Concise Historical Atlas of World War Two: The Geography of Conflict

Paperback | December 1, 2005

byRonald Story

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World War Two was a war of rapid and far-reaching conquest and movement, and a good sense of world geography is essential to grasping its magnitude and sweep. The Concise Historical Atlas of World War Two: The Geography of Conflict consists of 50 full-color maps that vividly convey not onlythe key military battles and campaigns but also the cultural and political geography of the war. Each map covers a significant phase of World War Two and is accompanied by an adjacent page of explanatory text that clarifies the shifting frontiers and populations of the region represented. Thesedescriptions explain features of the conflict in question, describe changes in circumstances and the movements of battles, contextualize the events, and suggest longer-term consequences of campaigns. Offering a vivid summary of the war over space and time, this unique, full-color atlas covers alltheatres of the war. It is ideal for courses on World War Two, American and European history in the twentieth century, U.S. political and military history, and world history. It is also a fascinating resource for anyone interested in the sprawling landscape of the Second World War.

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From the Publisher

World War Two was a war of rapid and far-reaching conquest and movement, and a good sense of world geography is essential to grasping its magnitude and sweep. The Concise Historical Atlas of World War Two: The Geography of Conflict consists of 50 full-color maps that vividly convey not onlythe key military battles and campaigns but als...

Ronald Story is at University of Massachusetts-Amherst.

other books by Ronald Story

Format:PaperbackDimensions:128 pages, 7.4 × 9.02 × 0.39 inPublished:December 1, 2005Publisher:Oxford University PressLanguage:English

The following ISBNs are associated with this title:

ISBN - 10:0195182200

ISBN - 13:9780195182200

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Table of Contents

Introduction1. Europe in 19142. Africa3. Europe in 19204. The French Frontier Between the Wars5. Spain (1930s)6. Europe in 19397. The Invasion of Poland (1939)8. The Fall of France (1940)9. The Partition of France10. The Battle of Britain (1940-1941)11. The Battle of the Atlantic (1940-1943)12. The Desert War (1940-1942)13. The Battle of El Alamein (October-November 1942)14. The Conquest of North Africa (November 1942-May 1943)15. Barbarossa--The German Invasion of the U.S.S.R. (June-September 1941)16. The Drive on Moscow (October-December 1941)17. The Caucasus Campaign (May-November 1942)18. The Battle of Stalingrad (September 1942-January 1943)19. Kursk (Summer 1943)20. The Soviets' Move West (December 1943-April 1944)21. Resistance22. Strategic Bombing (1942-1945)23. Italy (1943-1944)24. Operation Overlord--The Normandy Invasion (June 1944)25. The Allied Advance (July-August 1944)26. The Battle of White Russia (Summer 1944)27. The Liberation of France (August-September 1944)28. The Battle of the Bulge (December 1944)29. The Defeat of Nazi Germany (1945)30. The Fall of Berlin (April 1945)31. The Liberation of the Camps (1945)32. Occupied Germany33. Postwar Europe34. Asia in the Early 20th Century35. China in the Early 20th Century36. The Expansion of Japan to 193837. China Divided--The Long March (1934-1935)38. Pearl Harbor (December 1941)39. The Conquest of Southeast Asia (December 1941-June 1942)40. The Battle of Midway (June 1942)41. New Guinea (1942-1944)42. The Central Pacific Drive (November 1943-July 1944)43. The Battle of Leyte Gulf (October 1944)44. The Starvation of the Home Islands45. Okinawa (Spring 1945)46. China-Burma-India47. The Air War (1944-1945)48. The Atomic Bomb (August 1945)49. Occupied Japan50. Independent Asia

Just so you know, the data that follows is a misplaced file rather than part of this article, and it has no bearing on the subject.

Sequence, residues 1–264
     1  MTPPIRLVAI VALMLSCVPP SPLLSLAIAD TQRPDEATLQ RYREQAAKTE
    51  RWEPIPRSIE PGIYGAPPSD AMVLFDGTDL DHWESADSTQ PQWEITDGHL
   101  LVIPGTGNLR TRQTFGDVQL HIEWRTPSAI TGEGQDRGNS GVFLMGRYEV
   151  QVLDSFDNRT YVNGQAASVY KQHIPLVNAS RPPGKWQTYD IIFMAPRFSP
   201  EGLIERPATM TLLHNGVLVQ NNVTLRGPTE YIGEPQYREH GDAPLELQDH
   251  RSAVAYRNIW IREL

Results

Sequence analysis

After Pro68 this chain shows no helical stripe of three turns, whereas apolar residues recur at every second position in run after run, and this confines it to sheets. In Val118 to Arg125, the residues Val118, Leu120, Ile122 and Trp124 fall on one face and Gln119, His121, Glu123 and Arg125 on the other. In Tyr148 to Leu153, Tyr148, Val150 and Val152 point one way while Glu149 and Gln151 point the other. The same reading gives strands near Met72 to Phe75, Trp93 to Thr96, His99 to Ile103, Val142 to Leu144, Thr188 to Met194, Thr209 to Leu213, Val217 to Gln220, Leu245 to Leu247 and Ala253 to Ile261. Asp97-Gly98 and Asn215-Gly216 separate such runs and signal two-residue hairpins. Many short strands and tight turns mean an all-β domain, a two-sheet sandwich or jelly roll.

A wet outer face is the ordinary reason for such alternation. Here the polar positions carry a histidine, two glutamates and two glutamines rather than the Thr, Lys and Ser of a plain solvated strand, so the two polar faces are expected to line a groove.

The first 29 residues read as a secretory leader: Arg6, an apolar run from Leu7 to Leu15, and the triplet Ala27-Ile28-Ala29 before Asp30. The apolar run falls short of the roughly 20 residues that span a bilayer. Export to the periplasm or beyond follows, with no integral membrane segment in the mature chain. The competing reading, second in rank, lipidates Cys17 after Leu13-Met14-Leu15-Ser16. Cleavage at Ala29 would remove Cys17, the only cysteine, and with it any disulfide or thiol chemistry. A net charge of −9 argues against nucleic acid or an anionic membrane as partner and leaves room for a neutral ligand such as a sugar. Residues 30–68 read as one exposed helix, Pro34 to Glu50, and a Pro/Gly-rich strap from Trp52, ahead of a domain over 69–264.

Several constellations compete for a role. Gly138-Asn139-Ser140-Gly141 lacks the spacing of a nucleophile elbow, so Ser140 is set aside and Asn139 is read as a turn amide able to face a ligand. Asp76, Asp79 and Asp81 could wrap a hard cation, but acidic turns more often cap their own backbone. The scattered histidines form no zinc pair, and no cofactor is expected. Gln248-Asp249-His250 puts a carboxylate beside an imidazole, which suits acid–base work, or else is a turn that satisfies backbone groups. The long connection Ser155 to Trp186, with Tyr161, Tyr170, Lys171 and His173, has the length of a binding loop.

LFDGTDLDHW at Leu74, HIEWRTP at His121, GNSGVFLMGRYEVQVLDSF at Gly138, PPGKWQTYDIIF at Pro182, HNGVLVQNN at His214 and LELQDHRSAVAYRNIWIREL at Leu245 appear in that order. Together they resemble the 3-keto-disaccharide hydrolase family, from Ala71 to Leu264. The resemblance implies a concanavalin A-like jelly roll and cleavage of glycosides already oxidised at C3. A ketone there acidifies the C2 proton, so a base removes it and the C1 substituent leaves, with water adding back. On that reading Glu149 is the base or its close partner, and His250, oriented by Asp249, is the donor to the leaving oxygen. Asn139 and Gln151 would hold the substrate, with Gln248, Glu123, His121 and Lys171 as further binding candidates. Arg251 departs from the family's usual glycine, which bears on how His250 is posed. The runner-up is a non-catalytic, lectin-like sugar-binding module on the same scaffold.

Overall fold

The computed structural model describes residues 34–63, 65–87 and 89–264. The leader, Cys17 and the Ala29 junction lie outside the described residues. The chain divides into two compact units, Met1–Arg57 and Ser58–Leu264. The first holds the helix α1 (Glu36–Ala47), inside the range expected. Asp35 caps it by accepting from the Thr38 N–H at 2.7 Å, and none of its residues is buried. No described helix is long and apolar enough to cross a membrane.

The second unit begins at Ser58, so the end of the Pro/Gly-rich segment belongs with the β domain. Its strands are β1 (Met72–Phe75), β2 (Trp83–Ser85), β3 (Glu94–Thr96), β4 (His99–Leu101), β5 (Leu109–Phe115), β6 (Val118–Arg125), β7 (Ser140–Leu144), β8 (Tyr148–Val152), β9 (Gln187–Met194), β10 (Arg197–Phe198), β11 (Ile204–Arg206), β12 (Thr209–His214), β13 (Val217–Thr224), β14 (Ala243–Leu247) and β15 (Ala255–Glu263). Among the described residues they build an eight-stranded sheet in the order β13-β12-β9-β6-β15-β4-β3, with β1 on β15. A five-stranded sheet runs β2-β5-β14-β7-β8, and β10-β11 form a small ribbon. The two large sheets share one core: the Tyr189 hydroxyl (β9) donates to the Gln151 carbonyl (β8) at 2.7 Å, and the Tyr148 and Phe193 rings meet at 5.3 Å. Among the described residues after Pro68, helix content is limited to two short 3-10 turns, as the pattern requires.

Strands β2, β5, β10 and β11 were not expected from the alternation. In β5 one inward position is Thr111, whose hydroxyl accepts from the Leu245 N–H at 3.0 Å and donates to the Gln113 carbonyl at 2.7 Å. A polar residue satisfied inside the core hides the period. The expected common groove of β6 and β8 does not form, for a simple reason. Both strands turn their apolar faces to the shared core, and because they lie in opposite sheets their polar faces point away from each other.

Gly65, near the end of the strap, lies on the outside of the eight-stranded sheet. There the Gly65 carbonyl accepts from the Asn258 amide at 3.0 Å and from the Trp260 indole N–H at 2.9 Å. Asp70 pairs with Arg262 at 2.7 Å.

Editorial Reviews

"These maps remind us of the tremendous scale of the conflict; that the war was truly global in nature, that the aggressors had global designs and that the defenders had to counter them around the world and fight on varied terrain on three continents and many seas. War is made vivid andbrought into real life terms by these maps and by the author's perceptive commentary." --Tom Zeiler, University of Colorado at Boulder